Slack Is Named Honorary Commissioner

Hurricane Middle School Student Picked

A Putnam County girl is one of 6 students, ranging in age from 9-16, who will serve as Honorary Commissioners of Agriculture for the Day during the 2017 State Fair of West Virginia, August 10th-19th. The West Virginia Department of Agriculture (WVDA) sponsored the contest with the theme “Local Food: Why It Matters.” Each student entered an essay, video or photo presentation explaining the importance of locally grown food and how it impacts the state’s economy, environment and health.

“We wanted to provide a firsthand experience for students across the state to see what careers in agriculture look like. No better way to do that than to shadow my staff and myself during one our busiest times of the year,” stresses West Virginia Commissioner of Agriculture Kent Leonhardt. “We hope these students take away a new appreciation for our food system after this experience.”

The winners will spend the day with Commissioner Leonhardt and the WVDA staff. They’ll sit in on meetings and events, take a behind-the-scenes tour of the fair and will be featured in the September issue of the Market Bulletin.

The 2017 Honorary Commissioners of Agriculture for a Day contest winners are:

  • Sophie Slack – Hurricane Middle School, Putnam County
    Thirteen-year-old Sophie loves to garden. She grows vegetables as well as flowers and aloe and loves to share her harvest with others. She attends the West Virginia University Extension Service Camp.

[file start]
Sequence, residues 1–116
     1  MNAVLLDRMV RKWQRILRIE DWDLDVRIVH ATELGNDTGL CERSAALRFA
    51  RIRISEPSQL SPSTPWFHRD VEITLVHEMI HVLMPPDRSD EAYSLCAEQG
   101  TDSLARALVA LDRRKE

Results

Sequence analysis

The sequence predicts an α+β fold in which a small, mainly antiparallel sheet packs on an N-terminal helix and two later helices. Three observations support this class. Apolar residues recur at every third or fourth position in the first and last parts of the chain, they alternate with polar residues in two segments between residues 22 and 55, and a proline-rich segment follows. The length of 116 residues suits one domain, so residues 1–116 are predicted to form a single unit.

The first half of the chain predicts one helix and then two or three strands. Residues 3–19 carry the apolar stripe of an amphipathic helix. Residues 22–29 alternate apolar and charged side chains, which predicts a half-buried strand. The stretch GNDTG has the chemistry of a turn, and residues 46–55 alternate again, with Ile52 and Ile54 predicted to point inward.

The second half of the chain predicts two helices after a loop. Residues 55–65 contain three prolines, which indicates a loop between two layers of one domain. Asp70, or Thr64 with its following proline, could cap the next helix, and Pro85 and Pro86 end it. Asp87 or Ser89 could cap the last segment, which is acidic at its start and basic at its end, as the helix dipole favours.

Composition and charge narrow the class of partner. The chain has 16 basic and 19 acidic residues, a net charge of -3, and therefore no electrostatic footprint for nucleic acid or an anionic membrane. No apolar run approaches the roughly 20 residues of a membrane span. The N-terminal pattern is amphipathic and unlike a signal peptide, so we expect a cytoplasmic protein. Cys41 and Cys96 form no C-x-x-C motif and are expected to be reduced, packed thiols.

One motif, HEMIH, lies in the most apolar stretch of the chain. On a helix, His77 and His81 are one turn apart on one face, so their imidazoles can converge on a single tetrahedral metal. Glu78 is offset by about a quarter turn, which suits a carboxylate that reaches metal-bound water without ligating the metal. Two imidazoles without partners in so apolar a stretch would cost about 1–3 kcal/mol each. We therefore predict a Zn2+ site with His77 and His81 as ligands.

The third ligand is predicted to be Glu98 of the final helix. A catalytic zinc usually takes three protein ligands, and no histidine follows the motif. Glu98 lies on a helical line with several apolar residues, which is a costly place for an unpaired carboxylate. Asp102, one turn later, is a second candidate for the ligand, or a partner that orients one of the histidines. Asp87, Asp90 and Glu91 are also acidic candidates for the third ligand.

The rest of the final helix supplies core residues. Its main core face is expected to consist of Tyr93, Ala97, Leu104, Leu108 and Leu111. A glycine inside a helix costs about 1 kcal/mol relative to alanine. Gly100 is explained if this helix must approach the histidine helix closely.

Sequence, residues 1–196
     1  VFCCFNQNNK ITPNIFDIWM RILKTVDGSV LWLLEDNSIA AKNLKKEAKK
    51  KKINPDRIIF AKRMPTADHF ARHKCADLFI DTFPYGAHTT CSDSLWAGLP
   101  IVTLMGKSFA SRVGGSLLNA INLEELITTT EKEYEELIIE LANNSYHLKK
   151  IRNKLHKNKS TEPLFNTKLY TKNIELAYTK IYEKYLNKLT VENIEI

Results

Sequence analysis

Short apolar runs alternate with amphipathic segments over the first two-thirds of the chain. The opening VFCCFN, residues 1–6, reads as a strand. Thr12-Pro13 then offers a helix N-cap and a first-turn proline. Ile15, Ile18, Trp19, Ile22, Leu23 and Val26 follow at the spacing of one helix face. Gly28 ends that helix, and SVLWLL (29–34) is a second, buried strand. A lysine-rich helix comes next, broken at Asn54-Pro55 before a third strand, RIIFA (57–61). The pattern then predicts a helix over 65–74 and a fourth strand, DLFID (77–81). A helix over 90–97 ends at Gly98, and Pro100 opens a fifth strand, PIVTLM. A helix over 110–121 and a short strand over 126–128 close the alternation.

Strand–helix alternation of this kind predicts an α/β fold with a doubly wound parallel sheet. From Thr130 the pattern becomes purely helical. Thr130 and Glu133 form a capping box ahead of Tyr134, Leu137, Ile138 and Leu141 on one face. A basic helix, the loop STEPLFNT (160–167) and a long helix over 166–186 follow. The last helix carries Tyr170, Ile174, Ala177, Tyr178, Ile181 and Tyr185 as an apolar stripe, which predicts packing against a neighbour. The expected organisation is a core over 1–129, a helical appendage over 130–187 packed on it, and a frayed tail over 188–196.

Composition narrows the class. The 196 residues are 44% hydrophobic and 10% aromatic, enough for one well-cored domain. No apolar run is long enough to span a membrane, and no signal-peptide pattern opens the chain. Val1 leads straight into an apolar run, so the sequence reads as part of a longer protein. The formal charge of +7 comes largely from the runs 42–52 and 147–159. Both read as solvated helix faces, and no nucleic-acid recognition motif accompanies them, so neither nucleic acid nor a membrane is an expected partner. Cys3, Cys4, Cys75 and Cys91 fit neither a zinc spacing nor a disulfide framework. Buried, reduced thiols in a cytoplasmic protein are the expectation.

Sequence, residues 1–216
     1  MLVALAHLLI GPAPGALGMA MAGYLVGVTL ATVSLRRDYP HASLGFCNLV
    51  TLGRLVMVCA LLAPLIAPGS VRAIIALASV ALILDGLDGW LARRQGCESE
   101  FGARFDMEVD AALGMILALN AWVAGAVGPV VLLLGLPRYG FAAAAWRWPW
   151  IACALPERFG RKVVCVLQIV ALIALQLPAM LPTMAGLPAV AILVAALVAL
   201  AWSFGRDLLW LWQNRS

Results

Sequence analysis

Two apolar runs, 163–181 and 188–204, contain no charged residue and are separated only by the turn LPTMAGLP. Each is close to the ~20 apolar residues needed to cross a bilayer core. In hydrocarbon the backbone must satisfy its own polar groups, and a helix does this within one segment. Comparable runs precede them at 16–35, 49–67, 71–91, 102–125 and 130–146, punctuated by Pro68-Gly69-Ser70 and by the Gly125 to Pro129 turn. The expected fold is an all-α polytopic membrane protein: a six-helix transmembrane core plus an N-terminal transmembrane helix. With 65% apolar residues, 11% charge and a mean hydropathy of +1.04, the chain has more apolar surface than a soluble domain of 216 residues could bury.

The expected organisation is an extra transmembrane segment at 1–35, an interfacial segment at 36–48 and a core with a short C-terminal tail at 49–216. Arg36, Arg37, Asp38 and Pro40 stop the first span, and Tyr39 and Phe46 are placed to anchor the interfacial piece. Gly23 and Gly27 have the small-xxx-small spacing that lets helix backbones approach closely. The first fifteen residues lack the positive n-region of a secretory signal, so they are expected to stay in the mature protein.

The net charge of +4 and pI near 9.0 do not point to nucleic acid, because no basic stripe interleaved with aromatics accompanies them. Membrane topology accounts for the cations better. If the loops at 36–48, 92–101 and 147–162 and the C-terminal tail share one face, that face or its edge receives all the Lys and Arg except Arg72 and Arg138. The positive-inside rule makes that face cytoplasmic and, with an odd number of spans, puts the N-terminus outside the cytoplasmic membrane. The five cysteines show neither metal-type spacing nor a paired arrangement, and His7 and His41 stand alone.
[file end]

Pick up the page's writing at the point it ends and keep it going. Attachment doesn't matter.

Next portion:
• Maeva Robinson – Rainelle Elementary, Greenbrier County
    Maeva, 9, knows what it means to put in a hard day’s work. She spends a few days a week after school working in the Rainelle Elementary high tunnel. Her parents built her a greenhouse at home to extend the planting season. She spends her summers working at the farmers’ market. Maeva says, “Locally grown food matters because it builds the community and supports a clean environment.”

  • Elizabeth Ours – Petersburg High School, Grant County
    Elizabeth loves animals. The 16-year-old is a member of FFA and shows livestock at the Grant County Fair. She is a past winner of the Regional Creed and Public Speaking Contests for FFA. Her Supervised Agricultural Experience (SAE) with FFA includes: pigs, strawberries, an aquaponics project and working in greenhouses.

  • Emily Yates – East Hardy High School, Hardy County
    At just 15-years-old, Emily Yates is a seasoned pro on the farm. She raises bulls, heifers, hogs, sheep and goats, which she will be selling at this year’s State Fair. Emily also grows corn, strawberries, and green beans on the farm.

  • Julianna Rexroad – Braxton County High School, Braxton County
    In 2016, 13-year-old Julianna participated in the 4-H heifer project. She showed her registered Limousin heifer at Junior Nationals. Julianna likes working with her grandpa on his 300-acre farm.
     

  • Devin Price – Weir High School, Hancock County
    Fourteen-year-old Devin has grown up on two family farms. One in Doddridge County, the other in the Eastern Panhandle. Devin’s favorite thing on the farm are tractors and has been researching them since he was little. Devin grows beans, tomatoes, and peppers in his garden. Devin says, “Local food provides good, sustainable jobs for many members of the community.”